Like the rest of you, I love to pore over city maps and get some sense of how the city has grown, how the suburbs have evolved, how topography affects street patterns, etc.

Chet said:
For a while I was collecting sanborn insurance maps and even based a very large N-scale model railroad on one of the cool ones.
Now that is cool.
 

Chet

Cyburbian Emeritus
Messages
10,623
Points
34
SAC - no I didnt have the originals, but work did. I kept photocopies for my use. The town was great - a city (actually 2 competing cities) that sprang up on opposite sides on a river at a rapids which required fur traders to portage their canoes. Picture your community with TWO downtowns! When the railroads came the cities had a steam engine factory and a roundhouse. Unfortunately they were cleared in an early 1970's renewal binge.
 

Super Amputee Cat

Cyburbian
Messages
2,251
Points
30
Chet said:
SAC - no I didnt have the originals, but work did. I kept photocopies for my use. The town was great - a city (actually 2 competing cities) that sprang up on opposite sides on a river at a rapids which required fur traders to portage their canoes.
What city is it? Or is it a secret?

Picture your community with TWO downtowns! When the railroads came the cities had a steam engine factory and a roundhouse. Unfortunately they were cleared in an early 1970's renewal binge.
Actually, Toledo itself had two downtowns at one time. The city is the result of a merger between two competing river towns - Port Lawrence and Vistula - who merged in 1834 under a new name Toledo. Unfortunately, no commercial buildings survive this era, but if you look at a map of downtown and Vistula, two distinct downtown grids can still be discerned.

I don't have any original Sanborn maps either, but I do have an original atlas of Toledo from 1913 and 1929. They are smaller scale than Sanborns, but still large enough to show footprints of most buildings. You just can't tell if it's a single family (D), multi-family (F) or commercial (S). I also made color copies of plates of earlier atlases from 1881 and 1891.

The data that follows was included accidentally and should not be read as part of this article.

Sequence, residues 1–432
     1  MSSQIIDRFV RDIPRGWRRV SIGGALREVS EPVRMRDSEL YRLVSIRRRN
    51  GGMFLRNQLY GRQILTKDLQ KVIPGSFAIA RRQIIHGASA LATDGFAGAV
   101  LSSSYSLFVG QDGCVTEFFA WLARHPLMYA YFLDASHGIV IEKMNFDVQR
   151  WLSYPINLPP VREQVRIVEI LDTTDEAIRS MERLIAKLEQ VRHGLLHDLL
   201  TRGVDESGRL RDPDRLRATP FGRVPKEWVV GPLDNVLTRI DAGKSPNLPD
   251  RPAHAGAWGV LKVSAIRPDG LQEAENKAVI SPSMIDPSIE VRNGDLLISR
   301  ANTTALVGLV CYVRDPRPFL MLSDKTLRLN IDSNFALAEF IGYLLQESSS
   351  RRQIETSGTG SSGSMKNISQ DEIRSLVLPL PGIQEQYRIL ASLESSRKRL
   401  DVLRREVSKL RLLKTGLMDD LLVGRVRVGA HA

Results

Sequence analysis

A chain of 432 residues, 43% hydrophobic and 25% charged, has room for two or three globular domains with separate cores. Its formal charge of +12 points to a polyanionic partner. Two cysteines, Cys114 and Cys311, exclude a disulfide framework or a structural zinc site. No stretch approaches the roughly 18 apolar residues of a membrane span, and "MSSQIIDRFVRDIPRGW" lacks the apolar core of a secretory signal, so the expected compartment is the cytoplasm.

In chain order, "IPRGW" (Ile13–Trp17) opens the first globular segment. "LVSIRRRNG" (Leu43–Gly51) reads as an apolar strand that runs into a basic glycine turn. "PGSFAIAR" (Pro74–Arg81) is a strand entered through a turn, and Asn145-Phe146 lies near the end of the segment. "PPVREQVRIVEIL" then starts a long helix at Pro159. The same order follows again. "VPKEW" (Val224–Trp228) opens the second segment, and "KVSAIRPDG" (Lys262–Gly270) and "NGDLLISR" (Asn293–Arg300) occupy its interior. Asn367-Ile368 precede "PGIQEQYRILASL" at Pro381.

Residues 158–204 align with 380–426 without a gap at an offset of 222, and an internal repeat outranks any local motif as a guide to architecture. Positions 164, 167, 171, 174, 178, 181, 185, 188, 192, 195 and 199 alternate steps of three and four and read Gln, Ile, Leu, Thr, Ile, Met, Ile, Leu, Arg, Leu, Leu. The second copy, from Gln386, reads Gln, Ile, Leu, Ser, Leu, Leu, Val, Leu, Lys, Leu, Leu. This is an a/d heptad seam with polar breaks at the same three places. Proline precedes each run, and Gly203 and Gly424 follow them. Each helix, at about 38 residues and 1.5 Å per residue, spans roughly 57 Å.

JNA

Cyburbian Plus
Messages
25,807
Points
61
In our office we have 1944 Sanborn's and a reproduction of the1880 Griffing's Atlas
besides having City Directories Bennett's from 1935 to 1964, Polk's 1964 to present. This is another way to track growth by annexations.
We also have Aerial Photos done in 1956.
 
Messages
1,264
Points
22
I read maps for fun all of the time. One of my favorite possessions is my Rand McNally atlas. I look at cities that I never even been too. This helps me a lot, when I go on road trips. I'll study a particular city's map, i.e. NYC before I go on that trip. I rarely get lost. I might get turned around or miss an exit, but I rarely get lost. It doesn't hurt that I'm also a planner and understand how streets and development work.

"Looking at the detailed maps of cities and towns you immediately notice the outlying areas with nothing but curvy roads and cul-de-sacs, even with flat terrain. Pretty easy to guess the growth area. But if you look toward city centers you see the "old" method of road planning.....grids, grids, grids".

Omaha could be tricky. You could definitely tell where the growth is. However, Omaha used to have center city growth. Omaha once was five separate independent city and towns: Omaha, South Omaha, Dundee, Benson and Florence. The street pattern doesn't really change but amenities can. My old neighborhood didn't have alleys or sidewalks on some streets. It was a growth area between the northern edge of the City of Omaha and the southern edge of the Town of Florence. There were also five city/town halls. All of the original buildings are still there with the exception of the City of Omaha.